The United Nations and its powers

Any attempt to impose the creation of a Palestinian state might well constitute an ultra vires act in violation of the UN Charter and international law.

Overview of a Human Rights Council special session at the United Nations in Geneva (photo credit: REUTERS)
Overview of a Human Rights Council special session at the United Nations in Geneva
(photo credit: REUTERS)
The stalemate that has enveloped Israeli-Palestinian talks has prompted France (joined by New Zealand) to try its hand at invoking the UN Security Council to impose some sort of settlement on this near 70-year international dispute.
No draft text has been published, but an earlier draft resolution prepared by France would seem to reveal the outline.
The basic idea is to hark back to the 1947 Partition Resolution of the General Assembly that provided for the creation of both a Jewish state and an Arab state in the former British Mandate of Palestine. References to the 1947 Assembly resolution have long been abandoned, so the specific reference at this point to that resolution reveals what the promoters are intent on achieving. Security Council resolutions 242 and 338, adopted respectively after the 1967 Six Day War and the 1973 Yom Kippur War, are also cited so as to define the June 5, 1967 lines as the proposed basic border of the Palestine state.
One need not enter into a detailed analysis of the proposal to recognize that it is designed to award the Palestinians a state without requiring them to make peace. According to this scheme, peace will come after they have a state – a fundamental error that also characterized the ill-fated 1993 Oslo Agreement, which was adopted in the vain hope that bringing PLO chairman Yasser Arafat back would usher in peace. Little wonder that Israel has vigorously objected to the French- New Zealand scheme. It places the cart before the horse and would set the stage for more violence and war, rather than pave the way to peaceful relations.
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The scheme for a new UN initiative would hardly warrant much attention were it not for the fact that US President Barack Obama has hinted on more than one occasion that he would find it difficult now to veto such a scheme, although he had previously stymied such ideas. He has based his new attitude on a number of incidents during the recent Israeli election campaign and on the “character” of the new Israeli government that Prime Minister Benjamin Netanyahu has formed. These are flimsy excuses to warrant a sea change in American policy that endorses a wild gamble for peace that will only result in disaster. But given the new attitude of the White House, it is essential to examine the supposed basis of UN authority to impose a settlement without the consent of both parties.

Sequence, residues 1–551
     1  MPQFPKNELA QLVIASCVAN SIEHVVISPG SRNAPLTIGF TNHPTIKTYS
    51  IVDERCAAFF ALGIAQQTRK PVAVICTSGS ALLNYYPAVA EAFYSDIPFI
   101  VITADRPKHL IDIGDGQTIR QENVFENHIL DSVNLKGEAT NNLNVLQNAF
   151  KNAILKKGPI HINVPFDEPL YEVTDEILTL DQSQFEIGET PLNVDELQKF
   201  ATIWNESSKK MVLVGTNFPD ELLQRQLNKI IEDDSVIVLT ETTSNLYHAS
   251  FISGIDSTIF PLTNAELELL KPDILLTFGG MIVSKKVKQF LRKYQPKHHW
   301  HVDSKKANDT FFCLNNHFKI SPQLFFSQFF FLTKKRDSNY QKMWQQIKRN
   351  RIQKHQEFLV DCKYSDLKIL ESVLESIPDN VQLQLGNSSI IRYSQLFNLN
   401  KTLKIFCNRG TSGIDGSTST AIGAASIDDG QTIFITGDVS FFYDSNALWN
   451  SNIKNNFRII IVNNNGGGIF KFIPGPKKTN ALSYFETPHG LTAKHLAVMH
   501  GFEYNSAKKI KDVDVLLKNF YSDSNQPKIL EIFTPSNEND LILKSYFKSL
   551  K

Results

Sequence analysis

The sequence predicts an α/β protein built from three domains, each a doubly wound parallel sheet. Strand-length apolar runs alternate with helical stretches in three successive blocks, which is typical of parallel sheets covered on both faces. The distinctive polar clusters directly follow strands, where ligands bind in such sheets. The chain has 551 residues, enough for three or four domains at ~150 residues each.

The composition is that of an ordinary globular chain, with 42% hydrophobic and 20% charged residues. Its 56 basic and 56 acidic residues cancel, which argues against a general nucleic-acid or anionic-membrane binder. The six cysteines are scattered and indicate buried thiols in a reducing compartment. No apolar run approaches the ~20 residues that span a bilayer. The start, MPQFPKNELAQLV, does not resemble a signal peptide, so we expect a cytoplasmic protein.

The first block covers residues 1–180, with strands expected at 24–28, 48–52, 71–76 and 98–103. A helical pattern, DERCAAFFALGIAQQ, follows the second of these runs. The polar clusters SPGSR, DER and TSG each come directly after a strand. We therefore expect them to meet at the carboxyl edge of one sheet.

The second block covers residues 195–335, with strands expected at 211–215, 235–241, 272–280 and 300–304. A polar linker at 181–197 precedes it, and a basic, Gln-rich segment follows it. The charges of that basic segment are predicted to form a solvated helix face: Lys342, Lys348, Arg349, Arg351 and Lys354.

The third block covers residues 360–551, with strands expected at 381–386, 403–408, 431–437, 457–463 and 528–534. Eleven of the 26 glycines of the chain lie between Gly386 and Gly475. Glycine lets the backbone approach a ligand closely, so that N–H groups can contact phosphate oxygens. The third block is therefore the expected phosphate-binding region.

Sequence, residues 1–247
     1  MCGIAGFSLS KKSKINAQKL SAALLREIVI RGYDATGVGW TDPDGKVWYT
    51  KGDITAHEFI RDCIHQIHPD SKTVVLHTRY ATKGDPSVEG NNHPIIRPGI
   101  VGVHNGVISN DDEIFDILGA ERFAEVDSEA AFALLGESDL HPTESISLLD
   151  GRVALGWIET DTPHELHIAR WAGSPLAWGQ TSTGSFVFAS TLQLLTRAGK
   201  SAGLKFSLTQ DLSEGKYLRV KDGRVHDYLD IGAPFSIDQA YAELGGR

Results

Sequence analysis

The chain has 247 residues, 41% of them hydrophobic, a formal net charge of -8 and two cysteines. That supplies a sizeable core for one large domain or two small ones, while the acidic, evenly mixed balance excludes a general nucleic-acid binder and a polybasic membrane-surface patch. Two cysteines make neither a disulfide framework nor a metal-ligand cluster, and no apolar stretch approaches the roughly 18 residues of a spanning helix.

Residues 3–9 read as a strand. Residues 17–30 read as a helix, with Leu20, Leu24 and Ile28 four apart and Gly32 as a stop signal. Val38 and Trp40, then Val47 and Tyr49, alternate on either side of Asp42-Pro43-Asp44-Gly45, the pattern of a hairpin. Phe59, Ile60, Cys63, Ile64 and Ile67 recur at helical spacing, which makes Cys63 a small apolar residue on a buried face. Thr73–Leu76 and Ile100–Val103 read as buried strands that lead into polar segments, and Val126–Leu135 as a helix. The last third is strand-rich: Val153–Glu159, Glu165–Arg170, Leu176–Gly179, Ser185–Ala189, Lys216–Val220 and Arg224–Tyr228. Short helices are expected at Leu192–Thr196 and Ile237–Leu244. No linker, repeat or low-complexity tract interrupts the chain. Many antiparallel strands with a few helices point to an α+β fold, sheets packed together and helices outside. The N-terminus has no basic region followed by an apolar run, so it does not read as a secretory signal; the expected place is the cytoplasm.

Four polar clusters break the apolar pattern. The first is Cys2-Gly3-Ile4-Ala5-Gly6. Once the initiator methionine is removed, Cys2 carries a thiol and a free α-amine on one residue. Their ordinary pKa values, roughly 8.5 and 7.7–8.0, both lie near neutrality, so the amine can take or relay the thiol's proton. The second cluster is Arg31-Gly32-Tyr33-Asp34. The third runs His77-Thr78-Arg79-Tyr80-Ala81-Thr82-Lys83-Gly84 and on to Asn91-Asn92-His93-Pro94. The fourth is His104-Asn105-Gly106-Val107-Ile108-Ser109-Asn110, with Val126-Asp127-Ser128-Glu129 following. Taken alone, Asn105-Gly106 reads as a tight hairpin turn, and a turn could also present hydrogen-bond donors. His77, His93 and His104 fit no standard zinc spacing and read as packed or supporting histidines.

The General Assembly
Chapter IV of the UN Charter establishes clearly that the General Assembly is basically limited to issuing non-binding resolutions. It has no power to adopt binding resolutions. This, however, raises the question of the competence of the General Assembly to adopt the 1947 Partition Resolution. Indeed, some scholars have maintained that resolution was not binding, since Palestine was not the property of the UN to dispose of in any manner. It was, in this view, an enabling resolution which legally facilitated the establishment of two states.
Another opinion maintains that in the case of a Mandate, the General Assembly was qualified to adopt a binding resolution under international law. This conclusion is based on the 1950 advisory opinion of the International Court of Justice on the international status of South West Africa. The court ruled there that termination of the Mandate could be effected by the joint action of the Mandatory Power and the United Nations. In the case of the Palestine Mandate, this is precisely what took place. The United Kingdom turned to the UN to resolve the question, and the solution – partition – was accepted by the Mandatory Power. With that act, the General Assembly had completed its task and had become, in legal terms, functus officio, an organ whose competence has lapsed.
Any attempt to revive the General Assembly as a continuing authority over the Palestinian Mandate is quite illusory.
The Security Council In contrast to the General Assembly, the Security Council has both advisory powers under Chapter VI (Pacific Settlement of Disputes) and binding authority under Chapter VII (Action with respect to Threats to the Peace, Breaches of the Peace, and Acts of Aggression).
However, it must be borne in mind that even the powers of the Security Council are defined by the purposes for which the United Nations was established.
As Article 24 of the UN Charter states: “In discharging these duties the Security Council shall act in accordance with the Purposes and Principles of the United Nations”; and the UN’s primary purpose is “to maintain international peace and security.” It was a great British judge on the International Court of Justice, Sir Gerald Fitzmaurice, who had occasion to note that the Security Council, even when acting genuinely for the preservation of peace, may not “in the guise of peace-keeping order transfers or cessions of territory.” The Security Council is not empowered to effect legal changes “in territorial rights, whether of sovereignty or administration. ...It was to keep the peace, not to change the world order, that the Security Council was set up.”
Any attempt to impose the creation of a Palestinian state might well constitute, in accordance with the words of Judge Fitzmaurice, an ultra vires act in violation of the UN Charter and international law.
The author is professor of American Studies, emeritus, at the Hebrew University of Jerusalem and author of South West Africa and the United Nations (Johns Hopkins University Press) and Jerusalem in America’s Foreign Policy (Kluwer Law International).